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Food, Glorious Food!

I’ve decided that a perfect first day in a new country is a market tour with tastings. That’s what I did today and it WAS perfect. We met at the Triana Market by the Guadalquivir River in the center of Seville, but every area has a market as it’s customary in Spain to buy groceries daily. This market has historical significance, however, because it’s situated on ruins of the Castle of St. George. This castle was used as headquarters and prison of the Spanish Inquisition. In the 1900s it was demolished and made into a food market.

We began at the fruit and vegetable stand. Our topnotch tour guide, Clara, explained that if Spanish Cooking were like building a home, the foundation would be garlic and tomatoes! Spanish garlic has s pinkish, almost lavender hue. White garlic is from China and is less potent. Interestingly, tomatoes aren’t native, but brought from the Americans by Columbus. The number and variety available stand as a testament to the Spaniards’ love of the humble tomato. Now, you wouldn’t consider making a stir fry with butter, would you? Clara said it would be just as crazy to make a Spanish dish with anything besides olive oil. And Spain produces more olive oil than any other country in the world!

After we sampled some flavorful fruit, we travelled to the pastry shop–yum! We tried two confections. The first was a spiced dough deep fried and then soaked in honey. The second has a pumpkin filling. Then someone spotted a pastry only prepared during Lent so of course we were forced to try it. This was basically French toast–bread soaked in milk, wine, lemon, cinnamon-then fried and soaked in honey. Wow! The Spanish really love a good soak in honey. I wonder if there’s a honey spa treatment?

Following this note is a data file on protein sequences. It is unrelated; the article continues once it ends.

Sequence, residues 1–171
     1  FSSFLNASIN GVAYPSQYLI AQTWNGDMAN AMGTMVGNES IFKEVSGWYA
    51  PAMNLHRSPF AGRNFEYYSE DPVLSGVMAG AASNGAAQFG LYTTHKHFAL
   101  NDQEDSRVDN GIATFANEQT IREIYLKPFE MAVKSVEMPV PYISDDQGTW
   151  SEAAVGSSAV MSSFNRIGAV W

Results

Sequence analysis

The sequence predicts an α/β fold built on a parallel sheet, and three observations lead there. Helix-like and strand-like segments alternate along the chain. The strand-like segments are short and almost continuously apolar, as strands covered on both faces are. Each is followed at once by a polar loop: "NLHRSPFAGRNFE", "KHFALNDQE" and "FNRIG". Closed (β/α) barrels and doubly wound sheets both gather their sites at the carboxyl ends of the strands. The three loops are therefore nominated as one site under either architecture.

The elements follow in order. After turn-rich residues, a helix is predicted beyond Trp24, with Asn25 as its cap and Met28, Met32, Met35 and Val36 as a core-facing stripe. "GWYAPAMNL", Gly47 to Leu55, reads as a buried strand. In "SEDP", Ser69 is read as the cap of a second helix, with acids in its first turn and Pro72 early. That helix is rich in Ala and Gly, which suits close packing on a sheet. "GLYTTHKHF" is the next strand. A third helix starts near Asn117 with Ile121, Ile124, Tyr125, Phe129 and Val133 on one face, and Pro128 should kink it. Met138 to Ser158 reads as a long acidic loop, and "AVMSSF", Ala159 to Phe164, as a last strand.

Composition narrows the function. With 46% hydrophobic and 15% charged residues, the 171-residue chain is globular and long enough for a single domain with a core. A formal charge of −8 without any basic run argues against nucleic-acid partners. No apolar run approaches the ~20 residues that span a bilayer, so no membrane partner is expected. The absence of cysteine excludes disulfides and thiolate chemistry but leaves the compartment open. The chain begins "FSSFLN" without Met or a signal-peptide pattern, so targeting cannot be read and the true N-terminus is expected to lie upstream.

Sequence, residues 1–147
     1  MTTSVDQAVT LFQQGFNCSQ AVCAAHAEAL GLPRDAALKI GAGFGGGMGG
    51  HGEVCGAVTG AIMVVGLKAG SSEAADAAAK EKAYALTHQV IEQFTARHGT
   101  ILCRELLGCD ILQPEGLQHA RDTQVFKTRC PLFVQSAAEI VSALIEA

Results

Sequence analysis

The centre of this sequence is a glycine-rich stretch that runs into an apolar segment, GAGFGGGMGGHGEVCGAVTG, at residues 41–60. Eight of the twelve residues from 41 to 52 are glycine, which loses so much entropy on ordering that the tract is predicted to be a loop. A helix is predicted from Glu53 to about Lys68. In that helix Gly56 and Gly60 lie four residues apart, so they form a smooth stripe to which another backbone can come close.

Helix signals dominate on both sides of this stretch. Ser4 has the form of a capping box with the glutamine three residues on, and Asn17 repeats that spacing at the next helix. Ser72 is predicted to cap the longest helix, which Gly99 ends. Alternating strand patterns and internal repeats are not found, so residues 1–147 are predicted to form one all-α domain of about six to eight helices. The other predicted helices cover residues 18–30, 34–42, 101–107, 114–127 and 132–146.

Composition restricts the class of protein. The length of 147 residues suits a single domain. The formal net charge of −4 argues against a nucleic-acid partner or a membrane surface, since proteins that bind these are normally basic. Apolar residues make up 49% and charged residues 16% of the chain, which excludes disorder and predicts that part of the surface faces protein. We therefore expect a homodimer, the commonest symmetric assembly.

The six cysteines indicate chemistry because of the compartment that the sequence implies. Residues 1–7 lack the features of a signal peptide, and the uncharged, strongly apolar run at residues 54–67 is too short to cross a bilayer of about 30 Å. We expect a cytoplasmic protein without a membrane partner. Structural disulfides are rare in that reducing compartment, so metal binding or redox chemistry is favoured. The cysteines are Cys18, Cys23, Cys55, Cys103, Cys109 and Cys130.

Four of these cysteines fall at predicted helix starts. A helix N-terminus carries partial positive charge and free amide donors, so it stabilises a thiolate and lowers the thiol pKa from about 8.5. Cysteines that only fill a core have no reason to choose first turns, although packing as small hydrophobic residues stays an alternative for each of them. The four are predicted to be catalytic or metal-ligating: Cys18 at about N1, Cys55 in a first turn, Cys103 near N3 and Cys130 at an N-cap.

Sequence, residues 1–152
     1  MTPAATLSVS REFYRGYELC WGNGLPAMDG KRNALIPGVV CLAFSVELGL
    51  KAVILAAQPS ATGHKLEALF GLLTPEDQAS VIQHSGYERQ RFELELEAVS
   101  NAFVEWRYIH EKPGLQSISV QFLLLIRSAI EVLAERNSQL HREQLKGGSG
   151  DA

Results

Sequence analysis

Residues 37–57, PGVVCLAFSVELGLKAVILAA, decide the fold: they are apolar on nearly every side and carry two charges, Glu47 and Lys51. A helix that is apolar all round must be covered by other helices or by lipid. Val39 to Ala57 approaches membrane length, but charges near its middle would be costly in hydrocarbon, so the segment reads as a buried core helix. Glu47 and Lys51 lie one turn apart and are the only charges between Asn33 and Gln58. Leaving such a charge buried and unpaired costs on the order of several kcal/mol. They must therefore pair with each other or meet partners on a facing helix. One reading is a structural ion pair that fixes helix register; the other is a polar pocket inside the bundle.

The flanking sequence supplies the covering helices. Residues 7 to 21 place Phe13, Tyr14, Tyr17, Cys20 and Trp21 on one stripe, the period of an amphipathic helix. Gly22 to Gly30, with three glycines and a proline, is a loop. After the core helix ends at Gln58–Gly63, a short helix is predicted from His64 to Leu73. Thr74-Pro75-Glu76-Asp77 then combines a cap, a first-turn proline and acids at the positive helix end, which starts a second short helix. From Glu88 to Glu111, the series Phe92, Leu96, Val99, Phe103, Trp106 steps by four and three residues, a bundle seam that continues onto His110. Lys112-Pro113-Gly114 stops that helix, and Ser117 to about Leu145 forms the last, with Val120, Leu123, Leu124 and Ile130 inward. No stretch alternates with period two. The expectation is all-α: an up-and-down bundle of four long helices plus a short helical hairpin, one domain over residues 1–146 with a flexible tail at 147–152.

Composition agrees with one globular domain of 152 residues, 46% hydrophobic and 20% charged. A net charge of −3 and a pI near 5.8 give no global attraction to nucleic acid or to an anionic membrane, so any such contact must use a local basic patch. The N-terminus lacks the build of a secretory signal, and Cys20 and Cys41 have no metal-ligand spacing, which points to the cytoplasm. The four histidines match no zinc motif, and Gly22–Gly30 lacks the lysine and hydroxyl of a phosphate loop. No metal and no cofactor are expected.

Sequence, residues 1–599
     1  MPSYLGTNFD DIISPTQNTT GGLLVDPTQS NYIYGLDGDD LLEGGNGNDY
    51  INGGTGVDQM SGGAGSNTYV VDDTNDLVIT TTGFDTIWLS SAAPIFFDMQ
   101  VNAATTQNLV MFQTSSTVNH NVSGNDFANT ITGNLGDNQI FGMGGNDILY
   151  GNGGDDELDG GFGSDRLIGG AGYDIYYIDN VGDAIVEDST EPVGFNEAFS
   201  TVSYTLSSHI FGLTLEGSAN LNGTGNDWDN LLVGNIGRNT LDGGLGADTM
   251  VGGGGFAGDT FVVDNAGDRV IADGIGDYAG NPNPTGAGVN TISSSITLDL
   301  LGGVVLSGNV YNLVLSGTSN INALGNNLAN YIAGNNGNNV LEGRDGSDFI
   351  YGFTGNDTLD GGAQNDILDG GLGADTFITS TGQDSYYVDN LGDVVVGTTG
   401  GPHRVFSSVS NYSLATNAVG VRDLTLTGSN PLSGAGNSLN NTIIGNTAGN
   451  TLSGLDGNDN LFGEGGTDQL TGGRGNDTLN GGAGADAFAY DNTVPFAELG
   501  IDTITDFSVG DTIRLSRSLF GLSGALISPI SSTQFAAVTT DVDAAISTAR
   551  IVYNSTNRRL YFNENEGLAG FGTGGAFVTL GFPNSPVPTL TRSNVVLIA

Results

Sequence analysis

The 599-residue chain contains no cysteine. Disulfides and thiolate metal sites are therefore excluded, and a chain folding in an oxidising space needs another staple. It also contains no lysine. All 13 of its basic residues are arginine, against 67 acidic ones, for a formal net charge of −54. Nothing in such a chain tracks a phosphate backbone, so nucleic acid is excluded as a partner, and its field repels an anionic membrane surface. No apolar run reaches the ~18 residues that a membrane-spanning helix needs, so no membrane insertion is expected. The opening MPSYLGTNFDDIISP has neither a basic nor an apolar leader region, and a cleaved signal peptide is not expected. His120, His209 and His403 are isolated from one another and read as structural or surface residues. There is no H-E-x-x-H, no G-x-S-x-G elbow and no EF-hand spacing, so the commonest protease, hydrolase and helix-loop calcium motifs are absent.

Next up was the butcher shop. This is where Clara hesitantly admitted the Spanish love to eat pimento infused animal fat on toast. The butcher handed Clara three tubs of fat, one that was strictly fat, one with bits of meat, and one with slightly more bits of meat. The astute Brit in the group compared them to smooth peanut butter, chunky peanut butter, and extra chunky peanut butter. We won’t judge the people of Spain however, because we enjoyed fried chicharrons before we left that were delicious!!

At the fishmonger’s I was intrigued by “percebe” which is a gooseneck barnacle. They’re found on the northeast coast of Spain. That coast is known as the “coast of death” because of the furious waves. A member of our group has spent much time in that area and said she was amazed at people scraping percebe off the rocks in such precarious conditions. The thing is, you don’t even eat them–you SUCK them!

I was tickled to arrive at the spice stall because I’ve anticipated buying the smoked sweet paprika essential to Spanish cooking. Saffron is also available at a fraction of the cost we pay. I asked Clara how to use it, however, because I’ve heard it can’t just be sprinkled in food. Clara explained that she places saffron on a piece of foil over heat and gently browns it to bring out the nutty flavor. Then it must be ground before adding so it’s evenly distributed. The shopkeeper gave us a sampling of Marcona almonds–they’re from Spain!– and fava beans, both fried in olive oil. I bought some because I’m a fan of the Trader Joe’s Marcona almonds and they’re cheaper here.

Last stop: charcuteria! Clara presented us with a beautiful charcuterie board that included famous Iberian ham products. The pigs roam the rangeland of western Spain feasting on acorns from oak and cork trees. They are considered the finest hams in the world, sometimes costing $2,000! We sampled some chorizo, tenderloin, and ham. Our cheeses included Spain’s most popular, manchego, infused with rosemary. Clara mentioned that the Spanish never use cheese in cooking. Last but not least, the ubiquitous olive. As I walk along the streets of Seville, every table I pass has olives for the diners. My favorite was the Chupadedo olive, marinated in thyme, oregano, cumin, and garlic. They are so named because they make you want to lick your fingers!

A few hours later, after I’d spent a lovely afternoon exploring Seville, I thought I’d like some ice cream. I popped into a shop but decided I’d wait. Didn’t want to wrap my mouth around that.

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